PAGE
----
New World Development, one of the city’s largest developer, announced last week (Oct 8) to keep the 68-year-old State Theatre after a 5-year-long community-lead campaign successfully made the future of this once forgotten cinema a citywide focus.
The cinema in North Point was first opened in 1952 as the Empire Theatre and renamed as the State Theatre in 1959, 10 years before the City Hall in Central. Under the leadership of Russian Jew Harry Odell, the theatre was not only a cinema and a concert hall, but also an instrumental location in bringing top overseas performances to local audience. World-class artists Benjamin Britten and Isaac Stern performed at the theatre. Teresa Teng, who conquered the hearts of millions of Chinese in the world, met her fans there.
Adrian Cheng, chief executive of the developer, described the theatre as “one of the last standing cultural icons of Hong Kong”. He pledged to conserve and restore the iconic building to its original glamour, reopen it as a theatre and build a cultural oasis that serves the community.” The announced scheme prompted praises from pundits and across social media.
Given the commercial nature of the theatre business and the premium value of arts and culture to property development, Cheng’s decision makes every business sense even though most developers consider keeping an old tile too much of a trouble. The decision should be praised.
But now comes the real test.
Thanks to the overwhelmingly abrasive development model in Hong Kong, the city has had little success in conserving and revitalising cultural landscape.
Gone are the Star Ferry and Queen’s Piers in Central, the Wedding Card Street in Wan Chai, the Wan Chai Ferry Pier and the Ho Tung Gardens in the Peak.
Other heritage buildings are not doing much better. The hundred-year-old Graham Street Market was halved with the famous Wing Woo Grocery Shop amputated. The Pawn in Wan Chai is now part of a bar and only its façade survived from bulldozers. The Marine Police Headquarters in Tsim Sha Tsui is now a shopping mall for luxury brand with most of the century-old trees removed. The Tai O Police Station in Lantau is now an upmarket hotel for the wealthy and the Yau Ma Tei Carpark Building is about to be demolished.
Under Hong Kong’s Government’s blatant contempt to the city’s historical landscape, there is no sound mechanism to conserve heritage. Nearly 15 years had passed since the demolition of the landmark Star Ferry Pier that provoked public uproar, heritage conservation remains a subject matter of advocacy from the civil society rather than rules, core values or norms for corporates and officials to follow. When it comes to what and how to conserve, the discussion is mainly about built heritage and its architectural value. The social, historical and cultural values attached to these buildings are always neglected by all technocrats in government offices.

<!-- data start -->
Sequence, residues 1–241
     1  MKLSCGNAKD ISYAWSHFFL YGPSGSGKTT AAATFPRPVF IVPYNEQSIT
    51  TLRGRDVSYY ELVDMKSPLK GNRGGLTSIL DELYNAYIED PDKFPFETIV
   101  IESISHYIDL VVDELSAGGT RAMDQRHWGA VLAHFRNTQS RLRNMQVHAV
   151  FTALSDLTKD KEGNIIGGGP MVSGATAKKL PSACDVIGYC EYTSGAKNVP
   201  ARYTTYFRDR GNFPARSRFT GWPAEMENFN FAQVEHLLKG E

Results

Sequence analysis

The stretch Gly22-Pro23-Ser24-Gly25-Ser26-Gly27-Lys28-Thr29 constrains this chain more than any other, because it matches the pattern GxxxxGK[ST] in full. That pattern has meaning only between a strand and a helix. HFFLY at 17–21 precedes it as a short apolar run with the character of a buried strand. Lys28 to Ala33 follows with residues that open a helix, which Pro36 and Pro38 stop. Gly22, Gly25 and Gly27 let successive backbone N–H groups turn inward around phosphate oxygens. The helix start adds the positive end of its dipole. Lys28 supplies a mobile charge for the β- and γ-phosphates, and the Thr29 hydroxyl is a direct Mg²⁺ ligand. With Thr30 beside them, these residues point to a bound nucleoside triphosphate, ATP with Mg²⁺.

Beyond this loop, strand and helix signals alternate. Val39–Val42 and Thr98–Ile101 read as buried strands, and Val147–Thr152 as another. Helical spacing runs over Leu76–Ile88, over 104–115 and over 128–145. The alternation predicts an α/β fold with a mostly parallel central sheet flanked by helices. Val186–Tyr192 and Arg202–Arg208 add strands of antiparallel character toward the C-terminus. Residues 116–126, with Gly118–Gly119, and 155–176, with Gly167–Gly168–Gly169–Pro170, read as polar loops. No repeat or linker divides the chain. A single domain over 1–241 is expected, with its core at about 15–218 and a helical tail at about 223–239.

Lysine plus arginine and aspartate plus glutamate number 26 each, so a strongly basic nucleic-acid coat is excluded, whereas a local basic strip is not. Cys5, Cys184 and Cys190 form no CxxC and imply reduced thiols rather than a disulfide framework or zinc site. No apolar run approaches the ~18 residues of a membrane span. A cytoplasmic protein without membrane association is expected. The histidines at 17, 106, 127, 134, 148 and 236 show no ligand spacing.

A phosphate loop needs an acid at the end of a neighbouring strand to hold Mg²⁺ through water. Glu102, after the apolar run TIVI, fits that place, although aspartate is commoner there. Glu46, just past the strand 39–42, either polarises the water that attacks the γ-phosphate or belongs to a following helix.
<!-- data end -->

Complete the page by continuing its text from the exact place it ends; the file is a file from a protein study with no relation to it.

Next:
We have done so badly in saving the city’s historical beauty that only the Blue House cluster in Wan Chai is the first and only project that both the buildings and the use are conserved. The revitalised tenement buildings remain homes of ordinary people. The bold move and the effort landed the project a UNESCO award in 2017 for cultural heritage conservation.
New World Development’s decision to conserve the State Theatre, both the hardware and software, is a significant step for heritage conservation. It is the second project of this kind and the first one driven by the private sector.
The question now is what the future holds for State Theatre, such as the programmes to be played at the theatre. Adrian Cheng vowed it would be a cultural oasis. But he has not told us his definition of culture.
Welsh theorist Raymond William, who laid the foundation of cultural studies penned his seminal piece about culture in 1958, in which he suggested, “Culture is ordinary”. What kind of performances, films, exhibitions will be showed in the future State Theatre? How will the future theatre relate to the surrounding North Point community? How will the content relate to present day Hong Kong”? How will it continue the role started by Harry Odell in bringing overseas performances to local audience? Hong Kong in 2020 has a vibrant though always struggling cultural sector because of absence of government support. Will this cultural oasis help promote Hong Kong culture and bring our culture to the international audience?
While it is a private property, given the historical importance of the theatre in promoting performing arts and film, and the community’s collective effort in making the structure a Grade I historic building, State Theatre is an important cultural landscape. It is part of Hongkongers’ collective sentiment. What will be shown in the future theatre is not entirely a private matter.
None of the above questions will be raised if the State Theatre is not conserved. Hong Kong would not have entered the stage to discuss conserving and revitalising the soul of a historic building, and how to engage the community in the process, should New World opted for the convention abrasive development model of slash, burn and build.
*A version of the article is also available on the Hong Kong Free Press <https://hongkongfp.com/2020/10/17/state-theatre-is-saved-but-the-real-test-for-hong-kongs-heritage-conservation-has-yet-to-come/>